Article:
What we’re trying to do now is work with the operators of our airports. Four of Greece’s biggest international airports – Rhodes, Kos, Santorini and Mykonos – are now operated by Fraport. There are huge investments being made in these airports. They’re going to be totally new and modern. The airport in Rhodes will be ready in February 2020. In 2021, there will be brand new airports in Kos, Mykonos and Santorini. This is very important to us because with Fraport, we can work together to attract international travellers. The season in Kos is 6 months and we hope to extend it to 9 months. The goal for Mykonos is the same. In Rhodes, things are even easier because it is well known around Europe. Rhodes is connected with direct flights to over 50 European cities during the summer period, making it very accessible.


Prisma Reports: What is your strategy to overcome over tourism in the region?

George Hatzimarkos: I hear this term but I’m not sure I understand what it means. This is a term which has only been heard around the world in the last 5 years. I think this conversation started in Venice. We have nothing to do with that. I actually don’t find this phenomenon anywhere in Greece. I have seen many articles about over-tourism in Santorini, but that is not true because from what I understand, over tourism is a phenomenon that is stable. We don’t have this problem.

It is not over tourism If the island is only crowded for 3, 4 or 5 days a year, not during a specific hour of the day. This is only a matter of building a better infrastructure. This is the problem of the public sector in Greece because the public sector is very slow here. The fiscal problems and bureaucracy make public sectors slow. The private sectors were moving quickly in the last years to follow the rhythm of the economy, but the public sector could not keep up. If we manage to keep this in a healthy balance, we can overcome this very small and well supported problem in destinations like Santorini.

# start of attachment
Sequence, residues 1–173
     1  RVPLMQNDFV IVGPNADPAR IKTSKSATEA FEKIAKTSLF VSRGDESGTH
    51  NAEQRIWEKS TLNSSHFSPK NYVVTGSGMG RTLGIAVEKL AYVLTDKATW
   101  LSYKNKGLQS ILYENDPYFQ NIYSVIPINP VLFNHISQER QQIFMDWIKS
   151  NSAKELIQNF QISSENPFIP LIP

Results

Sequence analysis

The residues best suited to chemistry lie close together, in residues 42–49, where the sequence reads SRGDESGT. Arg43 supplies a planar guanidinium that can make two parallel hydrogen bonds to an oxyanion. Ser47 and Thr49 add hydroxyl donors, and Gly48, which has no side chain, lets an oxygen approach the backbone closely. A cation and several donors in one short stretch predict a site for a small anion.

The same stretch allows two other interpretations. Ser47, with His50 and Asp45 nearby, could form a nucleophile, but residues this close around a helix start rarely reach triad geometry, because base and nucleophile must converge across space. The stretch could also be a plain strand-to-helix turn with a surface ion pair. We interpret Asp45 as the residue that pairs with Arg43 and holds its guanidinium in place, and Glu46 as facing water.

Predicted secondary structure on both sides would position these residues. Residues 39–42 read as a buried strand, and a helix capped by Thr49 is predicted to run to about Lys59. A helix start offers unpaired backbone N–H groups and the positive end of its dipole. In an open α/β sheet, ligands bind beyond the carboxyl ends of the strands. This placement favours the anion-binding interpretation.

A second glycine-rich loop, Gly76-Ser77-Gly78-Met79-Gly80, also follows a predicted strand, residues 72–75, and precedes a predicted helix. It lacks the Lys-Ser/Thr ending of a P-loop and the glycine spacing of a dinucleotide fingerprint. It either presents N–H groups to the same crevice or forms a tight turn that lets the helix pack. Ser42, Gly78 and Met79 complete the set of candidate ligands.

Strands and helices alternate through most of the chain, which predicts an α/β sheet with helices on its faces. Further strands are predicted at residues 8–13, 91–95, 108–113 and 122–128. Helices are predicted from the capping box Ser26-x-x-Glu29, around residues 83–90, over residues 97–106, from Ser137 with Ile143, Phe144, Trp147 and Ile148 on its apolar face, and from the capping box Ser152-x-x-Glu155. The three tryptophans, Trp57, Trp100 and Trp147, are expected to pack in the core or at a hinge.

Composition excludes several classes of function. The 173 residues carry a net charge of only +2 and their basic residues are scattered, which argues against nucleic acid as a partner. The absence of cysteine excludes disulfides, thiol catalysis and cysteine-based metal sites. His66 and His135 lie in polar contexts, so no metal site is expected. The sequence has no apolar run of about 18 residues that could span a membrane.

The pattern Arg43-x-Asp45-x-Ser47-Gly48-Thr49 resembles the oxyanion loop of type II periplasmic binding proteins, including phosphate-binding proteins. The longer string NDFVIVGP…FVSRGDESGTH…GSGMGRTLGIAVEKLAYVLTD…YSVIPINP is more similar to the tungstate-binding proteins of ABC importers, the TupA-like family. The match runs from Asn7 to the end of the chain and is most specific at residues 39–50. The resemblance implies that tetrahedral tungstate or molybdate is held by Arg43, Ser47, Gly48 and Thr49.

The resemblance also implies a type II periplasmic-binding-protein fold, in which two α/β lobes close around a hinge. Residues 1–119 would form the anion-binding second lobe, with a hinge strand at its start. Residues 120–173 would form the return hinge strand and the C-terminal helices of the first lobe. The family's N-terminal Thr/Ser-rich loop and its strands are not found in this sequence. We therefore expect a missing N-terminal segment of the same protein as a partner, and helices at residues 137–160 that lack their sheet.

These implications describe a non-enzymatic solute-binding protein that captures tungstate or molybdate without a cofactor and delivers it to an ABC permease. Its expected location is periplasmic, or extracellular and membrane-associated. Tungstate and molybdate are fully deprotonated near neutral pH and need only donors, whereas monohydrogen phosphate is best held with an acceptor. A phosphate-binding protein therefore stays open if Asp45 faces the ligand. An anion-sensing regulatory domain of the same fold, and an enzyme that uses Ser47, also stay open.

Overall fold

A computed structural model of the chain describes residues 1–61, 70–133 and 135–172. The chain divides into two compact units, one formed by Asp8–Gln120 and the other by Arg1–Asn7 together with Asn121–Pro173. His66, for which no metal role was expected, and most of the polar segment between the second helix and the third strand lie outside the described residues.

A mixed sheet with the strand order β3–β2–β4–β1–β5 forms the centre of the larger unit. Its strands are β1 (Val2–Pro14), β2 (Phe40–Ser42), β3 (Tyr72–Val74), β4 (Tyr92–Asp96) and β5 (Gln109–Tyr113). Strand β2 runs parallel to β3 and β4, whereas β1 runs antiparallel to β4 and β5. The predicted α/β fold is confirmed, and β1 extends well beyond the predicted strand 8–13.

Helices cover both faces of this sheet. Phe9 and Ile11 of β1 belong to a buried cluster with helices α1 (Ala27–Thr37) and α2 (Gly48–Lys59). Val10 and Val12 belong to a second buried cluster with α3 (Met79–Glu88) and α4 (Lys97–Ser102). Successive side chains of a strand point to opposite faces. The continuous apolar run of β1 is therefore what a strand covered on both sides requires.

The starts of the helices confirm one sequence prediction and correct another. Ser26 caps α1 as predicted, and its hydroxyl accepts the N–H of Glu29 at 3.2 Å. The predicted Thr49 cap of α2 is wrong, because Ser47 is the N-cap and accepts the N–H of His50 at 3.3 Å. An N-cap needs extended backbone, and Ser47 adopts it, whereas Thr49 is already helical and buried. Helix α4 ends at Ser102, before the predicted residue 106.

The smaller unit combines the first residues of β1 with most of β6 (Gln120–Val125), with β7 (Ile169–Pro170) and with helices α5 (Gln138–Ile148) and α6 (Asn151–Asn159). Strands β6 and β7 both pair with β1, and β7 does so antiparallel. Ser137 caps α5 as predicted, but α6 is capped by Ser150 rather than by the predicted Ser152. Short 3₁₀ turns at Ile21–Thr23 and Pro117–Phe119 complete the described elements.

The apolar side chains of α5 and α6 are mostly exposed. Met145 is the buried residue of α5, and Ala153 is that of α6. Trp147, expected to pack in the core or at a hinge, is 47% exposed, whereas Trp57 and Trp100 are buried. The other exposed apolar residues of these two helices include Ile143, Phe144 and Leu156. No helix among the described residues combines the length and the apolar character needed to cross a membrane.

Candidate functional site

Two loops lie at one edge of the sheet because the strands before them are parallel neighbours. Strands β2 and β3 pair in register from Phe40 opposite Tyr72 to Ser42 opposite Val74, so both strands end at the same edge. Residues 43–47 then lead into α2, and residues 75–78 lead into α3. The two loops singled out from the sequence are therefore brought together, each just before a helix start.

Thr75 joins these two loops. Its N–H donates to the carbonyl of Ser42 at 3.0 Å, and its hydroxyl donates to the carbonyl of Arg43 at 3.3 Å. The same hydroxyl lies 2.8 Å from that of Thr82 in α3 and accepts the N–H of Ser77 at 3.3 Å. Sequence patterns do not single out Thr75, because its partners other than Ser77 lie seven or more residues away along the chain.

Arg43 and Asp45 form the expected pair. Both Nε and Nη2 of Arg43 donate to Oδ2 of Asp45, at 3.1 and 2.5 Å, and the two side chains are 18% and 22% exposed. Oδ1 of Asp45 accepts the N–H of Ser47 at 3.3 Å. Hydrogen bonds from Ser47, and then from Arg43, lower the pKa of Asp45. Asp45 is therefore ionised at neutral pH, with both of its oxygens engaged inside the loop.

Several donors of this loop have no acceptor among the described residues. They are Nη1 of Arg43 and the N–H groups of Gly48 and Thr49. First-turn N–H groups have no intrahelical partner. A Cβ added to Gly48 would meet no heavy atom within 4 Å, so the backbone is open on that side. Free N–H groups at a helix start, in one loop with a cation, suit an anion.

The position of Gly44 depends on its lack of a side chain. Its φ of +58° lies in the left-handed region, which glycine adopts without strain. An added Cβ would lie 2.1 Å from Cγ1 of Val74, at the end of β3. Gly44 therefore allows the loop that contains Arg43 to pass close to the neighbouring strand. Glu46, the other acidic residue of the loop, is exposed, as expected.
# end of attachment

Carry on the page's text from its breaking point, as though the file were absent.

Prisma Reports: Americans are a highly desired tourism group, having a much higher per capita spending rate than other tourists. Recently the region hosted an American Society of Travel Advisors (ASTA) delegation. What are your strategies to grow the region’s appeal for American tourists and visitors in particular?

George Hatzimarkos: Over the last four years, we tried to change the outlook of the international travellers on the islands. It’s not only sun and sea. We push forward the personality of the islands, culture, sports and gastronomy. Culture is a source that the islands can thrive on, especially in places like Tilos, which is right next to Mykonos, or Kos which has a history of Hippocrates, the father of Medicine. Rhodes of course is the island where the capital of the world was for 3 centuries, where all the Roman emperors and universities were.

When it comes to sports, we attracted more than 24 world championships last year. We offer that in shoulder months like March, April, October and November. We offer water sports, chess, climbing and anything you can imagine.